I talk to you guys all the time in zillions.. okay maybe not quite that dramatic, but lots of words about skincare and the importance of taking care of it. I recently stumbled upon a new sunscreen line thanks to my friends at Supergoop! When I think of sunscreens, I imagine sticky and thick layers. Alas, I have found you a solution that is neither of those things and everything I want to incorporate in my daily skincare regimen.
I want to preface this article but stating these images were shot in downtown Dallas in 110 degree heat at 4pm – no lie. So the need for sunscreen, along with serious amounts of water and immediate A/C was serious.
Just like Supergoop! will tell you, nothing in the world is as great as basic sun protection. SPF is your best friend and saving grace. Supergoop! utilizes only clean ingredients in their products, and are always be oxybenzone, paraben and cruelty free. Hip, hip, hooray! They also make a variety of products that enables you to incorporate SPF into your regimen – whether it be setting powder, sunscreen, CC cream, a sunscreen mousse, or even a setting mist. I love the variety of products – it’s impossible to say no or forget to protect your skin if your routine already has it embedded within.
Why You Need Sunscreen
You might be wondering what’s the big deal about SPF? Doesn’t the sunshine give you some essential vitamin D therapy? Yes, you’re right there. But what you may not be aware of are the hidden UV A & B rays seeping into your skin. UVA rays can zap themselves deep into the dermis layer of your skin, or the thickest layer of your skin. Your skin has three main layers: the epidermis (outermost), dermis (middle and thickest), and the hypodermis (mostly fat and connective tissue). Prolonged and especially unprotected exposure to the sun can and will lead to premature changes in your skin such as wrinkles or signs of aging (no thanks!), and ultimately skin cancer. UVB rays usually give us that superficial burn or pinkness we see after being out in the sun too long. These guys really play star roles in the skin cancer game. Check out the American Cancer Society’s page for more skin cancer facts and info! Should you see anything and I mean anything questionable on your skin, whether it’s old or new, get it checked by your regular physician or dermatologist, ASAP!
SPF along with staying in the shade, and wearing sleeves and hats are your biggest strengths against avoiding skin cancer. Don’t forget places like the tips and backs of your ears as well as the back of your neck and your nose – these places see a LOT of sun too!
Be smart, take care of skin, add that SPF and moisturize like there’s no tomorrow! I promise, even if you don’t thank me, you’ll most definitely thank yourself!
The Risk of Skin Cancer
Skin cancer is a real threat yall, very real. I won’t sit here and say I’ve always worn sunscreen when I was supposed to or never tanned – because both would be lies. When I was a teen and even in my early twenties – I would hit up the tanning bed like no one’s business. Having a tan was in style and pasty skin was frowned upon. And how could you say no when all your friends did it? For shame for shame, I know.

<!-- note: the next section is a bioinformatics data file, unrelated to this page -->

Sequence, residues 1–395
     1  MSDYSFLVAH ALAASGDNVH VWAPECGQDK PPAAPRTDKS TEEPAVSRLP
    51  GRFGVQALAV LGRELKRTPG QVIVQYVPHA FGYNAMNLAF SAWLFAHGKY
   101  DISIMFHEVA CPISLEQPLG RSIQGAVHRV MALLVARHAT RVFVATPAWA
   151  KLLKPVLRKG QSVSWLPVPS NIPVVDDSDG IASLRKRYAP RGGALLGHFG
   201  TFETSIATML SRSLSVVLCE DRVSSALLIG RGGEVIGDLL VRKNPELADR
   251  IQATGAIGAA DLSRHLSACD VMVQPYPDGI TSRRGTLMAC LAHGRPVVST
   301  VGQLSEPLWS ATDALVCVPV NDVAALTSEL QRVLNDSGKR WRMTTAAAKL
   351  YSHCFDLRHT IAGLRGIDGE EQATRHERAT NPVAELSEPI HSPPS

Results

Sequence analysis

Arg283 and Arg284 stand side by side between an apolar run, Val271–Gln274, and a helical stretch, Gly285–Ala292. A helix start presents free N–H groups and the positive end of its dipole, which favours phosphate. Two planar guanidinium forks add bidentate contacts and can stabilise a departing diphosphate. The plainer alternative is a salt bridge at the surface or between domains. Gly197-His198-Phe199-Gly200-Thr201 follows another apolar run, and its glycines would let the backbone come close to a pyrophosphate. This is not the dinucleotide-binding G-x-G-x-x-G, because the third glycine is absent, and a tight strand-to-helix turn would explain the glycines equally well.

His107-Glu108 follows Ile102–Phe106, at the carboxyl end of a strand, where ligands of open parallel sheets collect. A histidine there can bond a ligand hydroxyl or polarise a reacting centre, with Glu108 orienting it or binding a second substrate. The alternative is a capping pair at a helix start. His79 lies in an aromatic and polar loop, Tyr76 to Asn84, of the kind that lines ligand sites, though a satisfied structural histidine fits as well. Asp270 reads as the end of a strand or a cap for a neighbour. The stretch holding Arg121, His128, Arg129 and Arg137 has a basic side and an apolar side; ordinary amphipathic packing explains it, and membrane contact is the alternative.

Now I’ll occasionally get a spray tan but I’m not opposed to pale skin and preserving my looks. What we don’t realize is historical damage can come back to haunt us. So it’s important to start NOW – wear sunscreen, avoid sunburns, and hydrate.
You might be wondering what the risks of skin cancer are or how you need to monitor for it? Did you know one person dies from melanoma every hour? An estimated one in five Americans will develop skin cancer within the course of their lifetime (JAMA, 2005). So – with those frightening statistics – I stick with my paleness and embrace self-monitoring! I want to encourage you all to not only self-check your skin regularly and seek medical advice for any suspicious looking moles or changes in your skin, but to also see a dermatologist at least once a year – especially if you have had lengthy sun/UV exposure/blistering burns in the past. Not sure what questionable moles look like? You can generally use the “ABCDE” rule or consult a physician if you’re unsure.
- A is for Asymmetry: One half of a mole or birthmark does not match the other.
- B is for Border: The edges are irregular, ragged, notched, or blurred.
- C is for Color: The color is not the same all over and may include different shades of brown or black, or sometimes with patches of pink, red, white, or blue.
- D is for Diameter: The spot is larger than 6 millimeters across (about ¼ inch – the size of a pencil eraser), although melanomas can sometimes be smaller than this.
- E is for Evolving: The mole is changing in size, shape, or color.
Ref: Robinson, JK. Sun exposure, sun protection, and vitamin D. JAMA 2005; 294:1541-43 http://sumo.ly/XtK0